Iron Deficiency in Babies & Children

Iron Deficiency in Babies & Children

Iron is an essential nutrient for the proper growth and development of babies and children. Typically, the human body gets sufficient iron through certain foods. But if babies and children aren’t getting enough iron from the milk or formula they drink or from the food they eat, they may begin to show symptoms of iron deficiency. If you notice these symptoms, be sure to talk to your pediatrician.

Signs of Iron Deficiency in Babies & Children

To help you identify if your child may be iron deficient, here are a few of the most common signs of low iron levels.

  • Fast heartbeat
  • Pale skin
  • Lethargy
  • Strange food cravings (such as eating dirt or other non-edible substances)
  • Breathlessness
  • Loss of appetite
  • Repeat infections
  • Failure to grow at the normal rate
  • Behavioral problems
  • Increased sweating
  • Enlarged spleen
  • Fussiness or irritability

Usually, if you’re breastfeeding your baby, he or she will get enough iron from your milk. But if you have a low milk supply or if you have an iron deficiency yourself, you may need to consider supplementing your baby’s diet with iron-fortified infant formula or a  iron supplement.

What Causes Iron Deficiency

There are a variety of potential causes of iron deficiency in babies and children. These underlying causes are often different depending on the age group the child falls into. Here are some of the common causes of iron deficiency in babies and children of various ages.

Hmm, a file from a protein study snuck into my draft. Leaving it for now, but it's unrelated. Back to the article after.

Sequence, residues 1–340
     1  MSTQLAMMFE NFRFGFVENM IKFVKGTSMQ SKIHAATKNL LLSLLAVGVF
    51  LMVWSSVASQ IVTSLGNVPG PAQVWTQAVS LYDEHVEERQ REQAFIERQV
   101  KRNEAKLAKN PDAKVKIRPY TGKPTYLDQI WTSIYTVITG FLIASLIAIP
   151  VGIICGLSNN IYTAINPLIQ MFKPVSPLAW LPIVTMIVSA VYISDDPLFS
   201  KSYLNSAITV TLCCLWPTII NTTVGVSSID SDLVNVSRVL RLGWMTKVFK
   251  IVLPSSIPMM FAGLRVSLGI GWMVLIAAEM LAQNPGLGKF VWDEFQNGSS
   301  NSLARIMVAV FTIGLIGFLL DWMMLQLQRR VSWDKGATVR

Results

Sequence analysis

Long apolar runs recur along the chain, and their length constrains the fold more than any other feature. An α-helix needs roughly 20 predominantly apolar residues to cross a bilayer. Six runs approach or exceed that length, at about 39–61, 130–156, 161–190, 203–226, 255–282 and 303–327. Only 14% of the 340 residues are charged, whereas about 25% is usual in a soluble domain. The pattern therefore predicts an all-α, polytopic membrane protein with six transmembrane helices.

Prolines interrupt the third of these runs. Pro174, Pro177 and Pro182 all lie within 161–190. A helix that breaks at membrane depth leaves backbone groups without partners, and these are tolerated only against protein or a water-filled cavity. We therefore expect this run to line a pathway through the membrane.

Newborns and very small babies receive their stores of iron while they’re in the uterus. This means that Mom’s diet is extremely important throughout pregnancy. If babies are born premature or with low birth weight, they have an increased risk of iron deficiency than babies born to term with normal birth weight.

Six months to one year old

Babies between six months and one year old may experience iron deficiency if they don’t receive sufficient iron-rich solid foods or if Mom’s milk is low in iron. When you first begin introducing solid food to your baby, try to include two servings each day of iron-fortified, plain infant cereal. 

One year old to five years old

Prolonged breastfeeding may lead to iron deficiency in children ages one to five years old. This is especially the case if the child’s diet is solely composed of breastmilk and not solid foods. Children between one and five years old grow very rapidly, and they need the increased iron that comes from solid food intake.

How Iron Deficiency Can Affect Behavior

Iron-deficient children often have increased anxiety and attention problems. They are also more likely to feel depressed and lash out at others. Children with low iron levels are also less likely to engage in imitative play.

Iron-Rich Foods for Children

To prevent iron deficiency in your child, do what you can to feed him or her iron-rich foods. These should include:

  • Lean meats
  • Eggs
  • Beans
  • Fortified cereals
  • Raisins and other types of dried fruit
  • Spinach
  • Pumpkin seeds
  • Green peas
  • Tofu
  • Tuna

If you have any questions or concerns about iron deficiency in your child, talk to your pediatrician or healthcare provider.